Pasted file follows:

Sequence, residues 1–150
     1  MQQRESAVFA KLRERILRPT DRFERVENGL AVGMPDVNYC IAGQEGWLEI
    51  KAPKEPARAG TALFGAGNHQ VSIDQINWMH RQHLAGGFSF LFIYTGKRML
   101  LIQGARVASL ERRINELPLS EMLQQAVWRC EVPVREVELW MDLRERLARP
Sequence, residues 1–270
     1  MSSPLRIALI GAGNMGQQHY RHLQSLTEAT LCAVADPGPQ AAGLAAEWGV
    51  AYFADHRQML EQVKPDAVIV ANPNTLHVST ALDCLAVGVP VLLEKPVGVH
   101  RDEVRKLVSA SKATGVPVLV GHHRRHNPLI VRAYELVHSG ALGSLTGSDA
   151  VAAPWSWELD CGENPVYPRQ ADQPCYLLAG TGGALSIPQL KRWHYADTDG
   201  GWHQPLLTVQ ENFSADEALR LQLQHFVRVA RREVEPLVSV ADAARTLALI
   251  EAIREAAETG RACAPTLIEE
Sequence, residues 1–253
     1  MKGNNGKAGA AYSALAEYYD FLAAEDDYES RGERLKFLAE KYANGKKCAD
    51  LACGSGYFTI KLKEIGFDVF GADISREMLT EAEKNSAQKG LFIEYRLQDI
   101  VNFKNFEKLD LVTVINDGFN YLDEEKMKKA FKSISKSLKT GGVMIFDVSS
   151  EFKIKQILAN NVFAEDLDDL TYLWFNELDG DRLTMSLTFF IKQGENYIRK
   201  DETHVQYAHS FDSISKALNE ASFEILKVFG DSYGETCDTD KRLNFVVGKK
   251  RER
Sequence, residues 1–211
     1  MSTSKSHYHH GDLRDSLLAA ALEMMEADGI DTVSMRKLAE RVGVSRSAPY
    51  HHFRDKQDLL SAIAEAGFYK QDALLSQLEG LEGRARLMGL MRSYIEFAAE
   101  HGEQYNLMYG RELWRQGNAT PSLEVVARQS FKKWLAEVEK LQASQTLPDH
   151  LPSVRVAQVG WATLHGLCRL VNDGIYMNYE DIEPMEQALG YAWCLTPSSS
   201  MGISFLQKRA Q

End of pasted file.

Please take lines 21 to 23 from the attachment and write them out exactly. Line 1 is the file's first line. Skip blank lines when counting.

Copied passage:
    51  HHFRDKQDLL SAIAEAGFYK QDALLSQLEG LEGRARLMGL MRSYIEFAAE
   101  HGEQYNLMYG RELWRQGNAT PSLEVVARQS FKKWLAEVEK LQASQTLPDH
   151  LPSVRVAQVG WATLHGLCRL VNDGIYMNYE DIEPMEQALG YAWCLTPSSS